Wednesday, November 22nd, 2017

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This One Profession Is the Future of Communication

Think about it: Tech that helps us communicate is the most fundamental and important tech in the world. Through the early implements that enabled writing, ancient humans were able to organize systems of localized commerce. Through the telegraph, global commerce became possible. Telephones and the internet then took everything to the next level, and here we are now.

In the past, you could call someone in a different country, but you couldn’t pick up a telephone and use it to talk to someone in a different language. Now that’s changed. Apple’s latest innovation, iPhone X, has a translator feature that claims to be the Rosetta Stone, the tool to crack the language barrier’s code. It works through digital assistant Siri, which, with an update to the iPhone’s operating system, can translate your words into five different languages, including French, German, Italian, Mandarin and Spanish.

Translation is just part of what Apple’s AI can do. Facial recognition is another feature in the mix. Face ID creates a “depth map of your face,” analyzing 30,000 dots that correspond to your facial features, and learning how your appearance changes over time. The iPhone X’s neural engine processes up to 600 billion operations per second as it continues learning who you are.

In the future, the iPhone X may even look rudimentary in terms of what artificial intelligence can do. Specialists who make machine learning possible will be in high demand.

Right now the demand for AI specialists is extreme. There are less than 10,000 people in the world who can do the type of work necessary to bring AI projects to fruition. AI specialists can make anywhere between $300,000 and $500,000 per year (including company stock). Employees at DeepMind, the AI company purchased by Google, take home $345,000 a piece (per year) on average. And, on the most extreme end of the AI earnings spectrum, Google’s Anthony Levandowski took home $120 million in total as a self-driving car engineer for Google.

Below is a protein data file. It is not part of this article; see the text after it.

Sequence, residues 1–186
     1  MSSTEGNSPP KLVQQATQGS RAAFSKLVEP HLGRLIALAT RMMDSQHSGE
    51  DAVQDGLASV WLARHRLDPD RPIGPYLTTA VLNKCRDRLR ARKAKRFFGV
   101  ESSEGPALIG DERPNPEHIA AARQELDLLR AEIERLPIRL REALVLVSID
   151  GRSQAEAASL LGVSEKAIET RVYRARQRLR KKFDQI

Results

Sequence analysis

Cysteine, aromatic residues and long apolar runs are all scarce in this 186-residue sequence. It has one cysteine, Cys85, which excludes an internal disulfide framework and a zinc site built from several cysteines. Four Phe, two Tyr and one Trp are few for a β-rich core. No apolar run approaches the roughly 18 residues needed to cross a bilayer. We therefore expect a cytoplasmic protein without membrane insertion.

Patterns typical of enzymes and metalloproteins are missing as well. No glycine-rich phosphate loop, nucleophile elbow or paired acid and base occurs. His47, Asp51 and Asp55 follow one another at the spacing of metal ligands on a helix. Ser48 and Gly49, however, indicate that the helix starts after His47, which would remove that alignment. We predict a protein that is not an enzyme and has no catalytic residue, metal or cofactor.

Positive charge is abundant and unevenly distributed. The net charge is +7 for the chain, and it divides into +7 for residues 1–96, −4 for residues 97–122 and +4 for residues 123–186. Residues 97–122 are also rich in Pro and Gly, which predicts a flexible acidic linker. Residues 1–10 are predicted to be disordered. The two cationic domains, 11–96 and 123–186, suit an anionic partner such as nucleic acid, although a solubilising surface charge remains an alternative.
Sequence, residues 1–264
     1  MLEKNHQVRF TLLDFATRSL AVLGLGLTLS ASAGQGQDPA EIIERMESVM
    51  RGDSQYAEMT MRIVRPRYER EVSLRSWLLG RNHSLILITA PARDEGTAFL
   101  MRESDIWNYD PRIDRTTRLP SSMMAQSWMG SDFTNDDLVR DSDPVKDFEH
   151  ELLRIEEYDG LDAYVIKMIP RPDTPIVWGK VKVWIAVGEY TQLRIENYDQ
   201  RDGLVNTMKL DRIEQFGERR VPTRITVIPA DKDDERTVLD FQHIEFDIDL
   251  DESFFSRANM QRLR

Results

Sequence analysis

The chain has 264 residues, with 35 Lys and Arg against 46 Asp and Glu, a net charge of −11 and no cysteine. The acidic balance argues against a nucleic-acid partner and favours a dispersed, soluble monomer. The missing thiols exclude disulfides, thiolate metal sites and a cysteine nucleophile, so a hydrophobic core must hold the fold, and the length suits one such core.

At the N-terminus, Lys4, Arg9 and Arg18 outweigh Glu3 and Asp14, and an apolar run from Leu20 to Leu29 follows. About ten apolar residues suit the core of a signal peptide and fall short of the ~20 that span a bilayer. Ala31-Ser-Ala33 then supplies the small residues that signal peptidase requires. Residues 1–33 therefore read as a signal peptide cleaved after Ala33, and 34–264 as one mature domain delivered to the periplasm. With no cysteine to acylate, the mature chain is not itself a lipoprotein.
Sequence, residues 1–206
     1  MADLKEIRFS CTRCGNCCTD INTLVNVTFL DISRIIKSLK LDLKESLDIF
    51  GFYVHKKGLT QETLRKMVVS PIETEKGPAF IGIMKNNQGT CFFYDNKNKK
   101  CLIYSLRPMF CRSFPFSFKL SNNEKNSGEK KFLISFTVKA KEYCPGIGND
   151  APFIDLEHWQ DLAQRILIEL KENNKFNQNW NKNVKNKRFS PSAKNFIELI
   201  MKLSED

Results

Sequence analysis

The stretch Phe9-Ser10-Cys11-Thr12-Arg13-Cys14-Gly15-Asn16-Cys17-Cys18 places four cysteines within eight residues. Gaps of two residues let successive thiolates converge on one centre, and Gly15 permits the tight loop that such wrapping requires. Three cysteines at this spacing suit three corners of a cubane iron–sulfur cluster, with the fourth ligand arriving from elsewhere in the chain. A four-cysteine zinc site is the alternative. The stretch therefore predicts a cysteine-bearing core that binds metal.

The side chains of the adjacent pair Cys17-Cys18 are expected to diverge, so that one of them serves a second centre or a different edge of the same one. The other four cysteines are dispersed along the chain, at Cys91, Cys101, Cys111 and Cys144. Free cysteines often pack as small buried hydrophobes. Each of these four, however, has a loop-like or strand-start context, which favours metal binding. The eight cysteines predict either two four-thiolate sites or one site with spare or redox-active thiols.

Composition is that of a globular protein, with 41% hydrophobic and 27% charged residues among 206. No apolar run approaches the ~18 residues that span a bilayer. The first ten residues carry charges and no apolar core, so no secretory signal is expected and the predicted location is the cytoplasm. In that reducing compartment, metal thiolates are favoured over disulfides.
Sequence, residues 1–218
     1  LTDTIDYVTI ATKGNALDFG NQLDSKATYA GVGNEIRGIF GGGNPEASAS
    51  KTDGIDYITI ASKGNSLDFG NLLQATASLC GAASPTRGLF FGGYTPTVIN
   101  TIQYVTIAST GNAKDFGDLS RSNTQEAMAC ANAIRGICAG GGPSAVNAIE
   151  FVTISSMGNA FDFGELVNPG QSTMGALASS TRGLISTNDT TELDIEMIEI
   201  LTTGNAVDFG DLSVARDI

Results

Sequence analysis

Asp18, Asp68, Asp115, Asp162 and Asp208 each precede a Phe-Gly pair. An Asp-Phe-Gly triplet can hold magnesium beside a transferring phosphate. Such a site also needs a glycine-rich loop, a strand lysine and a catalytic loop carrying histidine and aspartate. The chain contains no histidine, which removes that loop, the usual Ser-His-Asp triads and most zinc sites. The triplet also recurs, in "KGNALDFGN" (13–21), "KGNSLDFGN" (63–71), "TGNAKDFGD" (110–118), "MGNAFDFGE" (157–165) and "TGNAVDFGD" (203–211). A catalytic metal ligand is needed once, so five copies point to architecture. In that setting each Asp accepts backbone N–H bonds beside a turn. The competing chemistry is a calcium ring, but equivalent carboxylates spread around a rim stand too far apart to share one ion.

Nearly every major company has AI initiatives, and they need specialists to fill important positions. Meanwhile, small startups are working to develop AI tech that could see them become the next Apple or the next Microsoft. Demand for analytics professionals is somewhere near 60 percent higher than the pool of talent. In other words, if you have an analytics degree, you have a lot of earning power.

The iPhone X encompasses a great deal of what AI can do. But in the future, there’s a chance AI could accomplish a sci-fi feat that would make communication a matter of telepathy.

Scientists are working on using AI for brain augmentation. According to Newsweek, “Future projects include the development of telepathic communication and the creation of ‘cyborgs,’ where humans have advanced abilities thanks to technological interventions.” Scientist Mikhail Lebedev, who spearheaded “Augmentation of brain function: facts, fiction and controversy”, a research project that won the $100,000 Frontiers Spotlight Award in Europe, believes AI brain augmentation will be a reality by 2030.

He’s not alone. Elon Musk’s Neuralink project is aiming to create “neural lace” that will allow human brains to interface with computers. And Kernel is a startup with neuroscientists and software engineers working on linking the brain to AI for improved cognition. In the future these projects could enable us to communicate with each other through the web telepathically.

Even if humans never become telepathic cyborgs, AI will influence communication technology as we develop it further. Even if you use an old-school landline, your call will be routed through a system that uses machine learning.

Like it or not, AI is the future of communication. Prepare yourself for career in the AI sphere, and you’re preparing yourself to hold the keys to the global city.


About Daniel Matthews

Daniel Matthews is a freelance writer who specializes in finance, tech, business, and current events. You can find him on Twitter.
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